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Suzuki’s Ignis is a small car with a big heart – solidly confident on the road and far more spacious and appealing than its diminutive dimensions dictate. Wynter Murdoch reports
While Suzuki’s new Ignis conforms to latest market trends in the sub-compact SUV segment – small engine, truncated dimensions, high seating position, raised ground clearance – it tends not to follow all conventions.
First off, its Italian-inspired styling – it takes many of its cues from one of its forbearers, the Fronte Coupé of the 1970s, a car designed by Giorgetto Giugaro – endows the model with an authoritatively superior air that many of its counterparts lack. Whether on the road or parked, it looks solidly confident, appearing far bigger than its condensed measurements dictate.
Second, its 1,2-litre engine – which is normally aspirated rather than turbocharged, unusual in a segment where force-feeding tends to set the down-sized standard – offers a power-to-weight ratio of about 72kW per ton, similar to what you’d expect from a 2,0-litre Hyundai Tucson.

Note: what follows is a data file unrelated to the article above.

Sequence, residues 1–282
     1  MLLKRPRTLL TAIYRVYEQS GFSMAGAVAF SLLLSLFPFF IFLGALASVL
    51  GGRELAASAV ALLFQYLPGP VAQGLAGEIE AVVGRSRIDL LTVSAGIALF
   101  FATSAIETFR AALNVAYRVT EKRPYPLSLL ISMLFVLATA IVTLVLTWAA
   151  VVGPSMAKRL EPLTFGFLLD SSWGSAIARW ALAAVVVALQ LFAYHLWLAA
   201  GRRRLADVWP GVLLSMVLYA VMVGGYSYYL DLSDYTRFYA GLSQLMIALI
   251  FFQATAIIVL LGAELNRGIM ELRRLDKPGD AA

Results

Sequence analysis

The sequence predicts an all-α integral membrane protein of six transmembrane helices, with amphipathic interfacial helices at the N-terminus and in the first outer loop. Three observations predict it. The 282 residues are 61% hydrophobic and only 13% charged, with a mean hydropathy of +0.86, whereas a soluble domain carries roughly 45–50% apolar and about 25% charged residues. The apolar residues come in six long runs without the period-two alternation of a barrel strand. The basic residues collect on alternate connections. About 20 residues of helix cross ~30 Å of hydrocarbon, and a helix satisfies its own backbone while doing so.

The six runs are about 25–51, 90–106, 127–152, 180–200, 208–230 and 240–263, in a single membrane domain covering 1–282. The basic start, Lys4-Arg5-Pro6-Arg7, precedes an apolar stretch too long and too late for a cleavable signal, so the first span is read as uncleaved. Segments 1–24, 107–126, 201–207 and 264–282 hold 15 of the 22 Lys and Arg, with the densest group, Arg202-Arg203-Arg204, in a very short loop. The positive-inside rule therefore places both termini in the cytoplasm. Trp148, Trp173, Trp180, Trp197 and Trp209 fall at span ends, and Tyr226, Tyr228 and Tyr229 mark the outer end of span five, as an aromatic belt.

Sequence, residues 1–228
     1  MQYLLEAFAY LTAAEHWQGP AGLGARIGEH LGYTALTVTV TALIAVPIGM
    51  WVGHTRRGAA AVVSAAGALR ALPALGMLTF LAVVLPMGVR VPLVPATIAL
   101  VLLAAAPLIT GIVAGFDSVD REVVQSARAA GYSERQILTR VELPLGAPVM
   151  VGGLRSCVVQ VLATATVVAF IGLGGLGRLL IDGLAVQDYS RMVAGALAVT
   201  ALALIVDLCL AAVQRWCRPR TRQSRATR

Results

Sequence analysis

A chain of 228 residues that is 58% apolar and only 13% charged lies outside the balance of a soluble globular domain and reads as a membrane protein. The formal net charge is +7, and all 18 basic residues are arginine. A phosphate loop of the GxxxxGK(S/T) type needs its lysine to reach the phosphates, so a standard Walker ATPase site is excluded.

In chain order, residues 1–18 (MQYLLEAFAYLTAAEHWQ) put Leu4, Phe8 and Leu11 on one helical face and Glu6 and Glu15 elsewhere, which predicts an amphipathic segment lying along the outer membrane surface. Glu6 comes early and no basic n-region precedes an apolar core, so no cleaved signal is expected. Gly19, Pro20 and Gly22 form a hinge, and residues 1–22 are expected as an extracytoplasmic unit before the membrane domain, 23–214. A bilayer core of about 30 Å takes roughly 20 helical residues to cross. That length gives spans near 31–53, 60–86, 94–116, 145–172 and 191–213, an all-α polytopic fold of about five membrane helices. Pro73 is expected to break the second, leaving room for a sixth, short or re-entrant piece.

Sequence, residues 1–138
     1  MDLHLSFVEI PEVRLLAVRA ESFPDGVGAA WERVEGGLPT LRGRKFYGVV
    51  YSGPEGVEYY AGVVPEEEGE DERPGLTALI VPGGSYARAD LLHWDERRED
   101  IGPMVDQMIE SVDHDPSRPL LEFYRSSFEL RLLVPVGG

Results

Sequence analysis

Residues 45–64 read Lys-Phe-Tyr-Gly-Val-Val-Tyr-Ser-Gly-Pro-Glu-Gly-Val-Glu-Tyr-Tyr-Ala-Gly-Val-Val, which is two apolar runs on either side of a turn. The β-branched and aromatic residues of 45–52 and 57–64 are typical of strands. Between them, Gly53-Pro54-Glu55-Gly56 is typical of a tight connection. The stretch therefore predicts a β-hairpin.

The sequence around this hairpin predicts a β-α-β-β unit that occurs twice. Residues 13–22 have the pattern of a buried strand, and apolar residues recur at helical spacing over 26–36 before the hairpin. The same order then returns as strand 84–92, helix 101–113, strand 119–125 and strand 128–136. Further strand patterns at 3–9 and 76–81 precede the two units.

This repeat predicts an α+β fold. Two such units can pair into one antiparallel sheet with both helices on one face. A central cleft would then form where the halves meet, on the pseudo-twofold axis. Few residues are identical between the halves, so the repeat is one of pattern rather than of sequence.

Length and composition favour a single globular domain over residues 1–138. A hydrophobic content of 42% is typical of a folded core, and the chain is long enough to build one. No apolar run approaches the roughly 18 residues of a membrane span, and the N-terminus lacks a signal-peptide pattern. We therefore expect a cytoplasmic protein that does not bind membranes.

While these factors are among many that help to make the little Suzuki a much bigger deal than it might at first seem, it’s the detail in the vehicle’s overall packaging – down to the shark-like gills on the C pillar and the two-tone, black and white colour scheme in the cabin – that’s equally appealing.
The Japanese manufacturer has vast experience in building small cars and, in the Ignis, it has produced a model that punches well above its weight.
In terms of footprint, the vehicle is 3,7 metres long, 1,69 metres wide and 1,6 metres tall – so it’s equivalent in size to a city runabout. Based on a Baleno platform with a high tensile steel chassis, it tips the scales at just 850kg – the secret of its formidable power-to-weight-ratio – with body styling bolstered by flared wheel arches, a cute but forthright nose and a jacked-up stance.